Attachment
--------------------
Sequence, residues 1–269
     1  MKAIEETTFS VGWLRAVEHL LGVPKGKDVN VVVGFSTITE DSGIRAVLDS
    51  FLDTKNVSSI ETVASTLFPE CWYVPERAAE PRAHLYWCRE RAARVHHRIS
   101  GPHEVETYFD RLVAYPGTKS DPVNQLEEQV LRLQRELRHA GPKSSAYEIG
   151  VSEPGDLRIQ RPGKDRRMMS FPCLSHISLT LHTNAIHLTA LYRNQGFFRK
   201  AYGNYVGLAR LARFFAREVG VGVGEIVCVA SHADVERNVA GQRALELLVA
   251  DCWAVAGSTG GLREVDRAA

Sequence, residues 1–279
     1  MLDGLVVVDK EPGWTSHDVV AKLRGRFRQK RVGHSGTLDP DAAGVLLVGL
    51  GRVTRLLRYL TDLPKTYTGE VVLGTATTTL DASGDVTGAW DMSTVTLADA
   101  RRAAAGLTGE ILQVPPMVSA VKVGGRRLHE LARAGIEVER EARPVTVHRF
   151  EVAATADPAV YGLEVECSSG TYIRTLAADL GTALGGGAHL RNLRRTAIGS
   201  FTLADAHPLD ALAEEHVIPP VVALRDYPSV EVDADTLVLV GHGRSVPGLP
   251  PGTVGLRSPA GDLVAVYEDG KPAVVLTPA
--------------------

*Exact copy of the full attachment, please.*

Sequence, residues 1–269
     1  MKAIEETTFS VGWLRAVEHL LGVPKGKDVN VVVGFSTITE DSGIRAVLDS
    51  FLDTKNVSSI ETVASTLFPE CWYVPERAAE PRAHLYWCRE RAARVHHRIS
   101  GPHEVETYFD RLVAYPGTKS DPVNQLEEQV LRLQRELRHA GPKSSAYEIG
   151  VSEPGDLRIQ RPGKDRRMMS FPCLSHISLT LHTNAIHLTA LYRNQGFFRK
   201  AYGNYVGLAR LARFFAREVG VGVGEIVCVA SHADVERNVA GQRALELLVA
   251  DCWAVAGSTG GLREVDRAA

Sequence, residues 1–279
     1  MLDGLVVVDK EPGWTSHDVV AKLRGRFRQK RVGHSGTLDP DAAGVLLVGL
    51  GRVTRLLRYL TDLPKTYTGE VVLGTATTTL DASGDVTGAW DMSTVTLADA
   101  RRAAAGLTGE ILQVPPMVSA VKVGGRRLHE LARAGIEVER EARPVTVHRF
   151  EVAATADPAV YGLEVECSSG TYIRTLAADL GTALGGGAHL RNLRRTAIGS
   201  FTLADAHPLD ALAEEHVIPP VVALRDYPSV EVDADTLVLV GHGRSVPGLP
   251  PGTVGLRSPA GDLVAVYEDG KPAVVLTPA